The Food and Drug Administration (FDA) is expected to announce by June its decision on a proposal to phase out most trans fats from the nation’s food supply. Trans fats are widely considered the worst type of fats for hearth health.
Most Americans still eat about a gram of trans fat every day. Health experts say phasing out these fats could prevent 20,000 heart attacks and 7,000 deaths each year, according to The Associated Press (AP).
Voluntary action by food producers has significantly reduced trans fats in food products in the last decade. In the proposal under consideration, trans fats would be almost entirely banned from most food products, the AP reports.
Trans fats are widely used to improve texture and flavor of foods and to extend shelf life, but scientists say these fats have no health benefits. Trans fats can raise the level of “bad” cholesterol in the blood and lower “good” cholesterol, increasing the risk of heart disease, the leading cause of death in the United States.
In 2013, the FDA made a preliminary determination that trans fats no longer fall in the category of food ingredients “generally recognized as safe” (GRAS). Manufacturers can use GRAS ingredients or additives in their products without FDA review. But if trans fats are no longer GRAS, companies that want to use them would have to petition the agency for permission. Not many uses are likely to be approved, according to the AP.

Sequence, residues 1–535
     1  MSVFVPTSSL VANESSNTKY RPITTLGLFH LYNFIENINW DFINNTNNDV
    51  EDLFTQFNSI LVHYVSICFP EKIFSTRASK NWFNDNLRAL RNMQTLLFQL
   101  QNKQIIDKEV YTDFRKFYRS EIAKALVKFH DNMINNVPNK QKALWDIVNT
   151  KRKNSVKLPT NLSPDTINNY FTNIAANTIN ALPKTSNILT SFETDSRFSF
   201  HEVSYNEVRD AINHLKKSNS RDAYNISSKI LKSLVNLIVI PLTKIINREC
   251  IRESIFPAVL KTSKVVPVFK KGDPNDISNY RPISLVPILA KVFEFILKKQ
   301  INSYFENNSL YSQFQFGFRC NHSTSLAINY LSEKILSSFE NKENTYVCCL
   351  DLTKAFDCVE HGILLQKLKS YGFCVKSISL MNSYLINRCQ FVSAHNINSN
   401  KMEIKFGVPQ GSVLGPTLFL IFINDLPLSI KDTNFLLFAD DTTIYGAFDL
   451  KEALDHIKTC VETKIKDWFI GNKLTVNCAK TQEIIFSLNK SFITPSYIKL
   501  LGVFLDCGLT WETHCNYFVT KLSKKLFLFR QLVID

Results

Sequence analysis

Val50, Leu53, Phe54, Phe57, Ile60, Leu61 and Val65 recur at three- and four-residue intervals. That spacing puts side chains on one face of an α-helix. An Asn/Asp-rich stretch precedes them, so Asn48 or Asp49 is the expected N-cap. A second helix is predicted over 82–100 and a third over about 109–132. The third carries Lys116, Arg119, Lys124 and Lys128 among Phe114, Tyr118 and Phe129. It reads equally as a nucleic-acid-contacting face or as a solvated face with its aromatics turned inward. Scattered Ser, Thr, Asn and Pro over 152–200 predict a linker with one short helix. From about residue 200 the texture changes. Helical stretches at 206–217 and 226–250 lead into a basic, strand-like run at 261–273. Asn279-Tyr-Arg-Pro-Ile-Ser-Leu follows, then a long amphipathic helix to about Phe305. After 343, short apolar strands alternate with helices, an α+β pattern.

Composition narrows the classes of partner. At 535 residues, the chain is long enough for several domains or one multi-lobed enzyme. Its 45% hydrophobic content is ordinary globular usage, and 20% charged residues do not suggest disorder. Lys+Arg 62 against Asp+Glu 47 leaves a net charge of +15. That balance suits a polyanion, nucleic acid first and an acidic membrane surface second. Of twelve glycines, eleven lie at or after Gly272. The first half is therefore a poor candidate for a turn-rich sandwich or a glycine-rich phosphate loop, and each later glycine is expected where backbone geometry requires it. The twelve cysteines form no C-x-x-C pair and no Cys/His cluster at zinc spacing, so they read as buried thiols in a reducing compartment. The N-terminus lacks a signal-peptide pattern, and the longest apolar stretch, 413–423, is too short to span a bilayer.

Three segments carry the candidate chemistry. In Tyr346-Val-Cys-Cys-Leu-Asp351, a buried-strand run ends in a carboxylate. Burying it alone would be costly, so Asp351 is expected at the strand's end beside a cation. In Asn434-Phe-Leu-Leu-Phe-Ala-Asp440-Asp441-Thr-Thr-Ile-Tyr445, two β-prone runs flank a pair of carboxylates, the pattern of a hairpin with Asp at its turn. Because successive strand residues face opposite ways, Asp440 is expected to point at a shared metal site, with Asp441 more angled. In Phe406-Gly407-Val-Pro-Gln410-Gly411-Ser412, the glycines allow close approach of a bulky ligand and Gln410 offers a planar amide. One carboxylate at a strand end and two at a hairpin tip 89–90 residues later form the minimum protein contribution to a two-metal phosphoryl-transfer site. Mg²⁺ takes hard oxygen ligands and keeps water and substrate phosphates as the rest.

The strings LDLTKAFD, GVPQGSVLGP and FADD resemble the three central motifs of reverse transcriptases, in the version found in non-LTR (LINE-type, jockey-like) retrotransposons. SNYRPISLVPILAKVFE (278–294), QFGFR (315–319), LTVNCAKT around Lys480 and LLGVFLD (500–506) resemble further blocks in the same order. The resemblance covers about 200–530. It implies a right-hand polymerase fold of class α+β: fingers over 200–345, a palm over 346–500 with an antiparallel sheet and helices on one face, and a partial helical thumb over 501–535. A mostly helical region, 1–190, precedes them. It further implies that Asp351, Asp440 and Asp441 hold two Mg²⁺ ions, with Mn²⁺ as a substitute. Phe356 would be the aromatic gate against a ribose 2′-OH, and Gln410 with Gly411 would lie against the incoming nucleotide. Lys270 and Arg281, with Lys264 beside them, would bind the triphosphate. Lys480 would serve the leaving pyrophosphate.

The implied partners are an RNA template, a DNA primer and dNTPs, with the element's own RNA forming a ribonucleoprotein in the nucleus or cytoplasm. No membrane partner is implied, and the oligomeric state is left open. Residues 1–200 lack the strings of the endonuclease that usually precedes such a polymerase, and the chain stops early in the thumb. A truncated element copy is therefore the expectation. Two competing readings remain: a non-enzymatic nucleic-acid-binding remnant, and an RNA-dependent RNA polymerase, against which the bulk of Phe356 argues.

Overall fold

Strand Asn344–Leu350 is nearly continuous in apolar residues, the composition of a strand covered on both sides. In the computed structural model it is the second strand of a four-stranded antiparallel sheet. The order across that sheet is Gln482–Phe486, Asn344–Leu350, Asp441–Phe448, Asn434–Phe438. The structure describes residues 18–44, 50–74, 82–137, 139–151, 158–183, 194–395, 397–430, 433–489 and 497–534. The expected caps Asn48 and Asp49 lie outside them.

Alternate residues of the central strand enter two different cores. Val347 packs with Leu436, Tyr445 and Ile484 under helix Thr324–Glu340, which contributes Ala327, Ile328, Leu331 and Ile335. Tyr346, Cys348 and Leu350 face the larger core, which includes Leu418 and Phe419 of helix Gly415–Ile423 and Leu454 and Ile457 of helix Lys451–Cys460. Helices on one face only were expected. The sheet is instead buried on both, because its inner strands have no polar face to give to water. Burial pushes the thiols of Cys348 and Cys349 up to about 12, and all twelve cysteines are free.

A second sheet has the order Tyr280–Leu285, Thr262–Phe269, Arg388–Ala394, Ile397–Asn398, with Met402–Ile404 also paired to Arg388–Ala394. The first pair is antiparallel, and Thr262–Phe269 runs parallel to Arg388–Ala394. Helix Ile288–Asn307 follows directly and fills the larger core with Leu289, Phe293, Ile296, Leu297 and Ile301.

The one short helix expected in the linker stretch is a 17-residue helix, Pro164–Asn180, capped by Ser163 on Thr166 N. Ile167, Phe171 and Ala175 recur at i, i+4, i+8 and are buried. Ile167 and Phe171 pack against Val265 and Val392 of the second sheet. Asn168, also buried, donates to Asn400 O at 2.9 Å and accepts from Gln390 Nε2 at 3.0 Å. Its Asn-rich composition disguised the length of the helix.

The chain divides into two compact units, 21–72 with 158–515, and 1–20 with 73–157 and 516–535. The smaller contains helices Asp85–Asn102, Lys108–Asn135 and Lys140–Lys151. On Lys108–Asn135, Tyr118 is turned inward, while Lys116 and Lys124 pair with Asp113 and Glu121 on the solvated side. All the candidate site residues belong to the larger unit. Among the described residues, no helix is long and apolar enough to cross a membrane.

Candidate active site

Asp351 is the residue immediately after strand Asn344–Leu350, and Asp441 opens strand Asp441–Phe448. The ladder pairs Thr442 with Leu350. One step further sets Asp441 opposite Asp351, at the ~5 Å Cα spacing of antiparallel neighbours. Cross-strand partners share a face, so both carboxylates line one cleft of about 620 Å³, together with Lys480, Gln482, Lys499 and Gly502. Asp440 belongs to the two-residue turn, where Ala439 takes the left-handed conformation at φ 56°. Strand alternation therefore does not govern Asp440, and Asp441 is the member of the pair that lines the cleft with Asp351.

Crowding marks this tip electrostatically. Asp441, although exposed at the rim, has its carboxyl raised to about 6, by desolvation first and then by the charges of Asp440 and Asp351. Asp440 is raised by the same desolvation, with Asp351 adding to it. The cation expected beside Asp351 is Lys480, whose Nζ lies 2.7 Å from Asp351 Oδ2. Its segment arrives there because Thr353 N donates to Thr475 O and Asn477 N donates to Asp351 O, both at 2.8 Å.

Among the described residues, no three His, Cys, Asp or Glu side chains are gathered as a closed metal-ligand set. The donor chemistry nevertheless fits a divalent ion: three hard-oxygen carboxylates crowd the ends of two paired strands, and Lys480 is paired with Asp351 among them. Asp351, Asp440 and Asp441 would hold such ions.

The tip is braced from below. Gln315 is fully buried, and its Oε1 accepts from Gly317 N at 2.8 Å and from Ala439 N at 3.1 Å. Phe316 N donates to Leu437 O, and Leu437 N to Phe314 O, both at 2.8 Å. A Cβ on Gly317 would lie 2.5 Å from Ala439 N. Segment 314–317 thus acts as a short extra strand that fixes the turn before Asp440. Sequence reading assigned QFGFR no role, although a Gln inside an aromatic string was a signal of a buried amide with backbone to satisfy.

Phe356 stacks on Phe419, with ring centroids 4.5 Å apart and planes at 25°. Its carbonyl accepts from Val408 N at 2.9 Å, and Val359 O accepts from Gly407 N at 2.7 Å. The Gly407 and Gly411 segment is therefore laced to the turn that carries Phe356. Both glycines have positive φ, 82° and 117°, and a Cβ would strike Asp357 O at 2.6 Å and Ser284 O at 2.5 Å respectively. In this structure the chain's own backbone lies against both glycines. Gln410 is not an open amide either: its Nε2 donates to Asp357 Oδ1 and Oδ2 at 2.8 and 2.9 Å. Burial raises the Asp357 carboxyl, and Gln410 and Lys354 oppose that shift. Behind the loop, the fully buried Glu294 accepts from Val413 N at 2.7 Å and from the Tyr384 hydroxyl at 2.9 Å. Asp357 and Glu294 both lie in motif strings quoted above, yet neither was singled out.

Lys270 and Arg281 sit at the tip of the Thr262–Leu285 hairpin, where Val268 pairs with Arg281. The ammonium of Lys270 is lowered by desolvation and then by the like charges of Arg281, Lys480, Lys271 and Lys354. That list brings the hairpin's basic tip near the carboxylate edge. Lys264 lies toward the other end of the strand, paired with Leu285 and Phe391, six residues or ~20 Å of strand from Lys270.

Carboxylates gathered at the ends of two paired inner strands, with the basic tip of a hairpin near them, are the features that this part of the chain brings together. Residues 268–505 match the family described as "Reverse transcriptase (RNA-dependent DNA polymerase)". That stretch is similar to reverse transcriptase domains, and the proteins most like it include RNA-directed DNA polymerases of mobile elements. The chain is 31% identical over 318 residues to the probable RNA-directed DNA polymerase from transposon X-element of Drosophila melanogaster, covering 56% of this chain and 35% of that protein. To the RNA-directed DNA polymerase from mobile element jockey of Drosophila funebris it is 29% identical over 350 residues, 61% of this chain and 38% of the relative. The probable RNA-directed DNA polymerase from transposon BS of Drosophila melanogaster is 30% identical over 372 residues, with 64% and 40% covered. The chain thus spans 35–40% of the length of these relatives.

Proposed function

Trans fats—partially hydrogenated oils—are created when hydrogen is added to vegetable oil to make it more solid. Varying amounts of trans fats are currently found in many of the foods American consume on a daily basis, including crackers, cookies, cakes, and other baked goods; snack foods (microwave popcorn), frozen pizza, refrigerated doughs, coffee creamers, and ready-to-use frostings. Vegetable shortening and stick margarine contain trans fats.
The Grocery Manufacturers Association—the food industry’s main trade group—says food manufacturers have voluntarily reduced trans fats in their products by 86 percent since 2003, reformulating recipes and finding other types of oils to replace trans fats. In 2006, the FDA instituted a requirement that trans fats be included in the Nutrition Facts labeling of food products. Some localities, like New York City, have already enacted trans fat bans on their own, the AP reports.
The phase out would come more slowly for products where it is difficult to find an acceptable substitute for trans fat, FDA official have said. The ban would not target trans fats that occur naturally in some meat and dairy products. The FDA says those would be too difficult to remove, and occur in small amounts that are not considered a major public health threat on their own.
The advocacy group, Center for Science in the Public Interest, first petitioned for a trans fat ban 11 years ago. Michael Jacobson, the organization’s director, praised the food industry’s voluntary efforts to reduce trans fats but still considers federal action necessary. He describes the phasing out of trans fats as “the single most important thing the FDA has done about the healthfulness of our food supply,” the AP reports.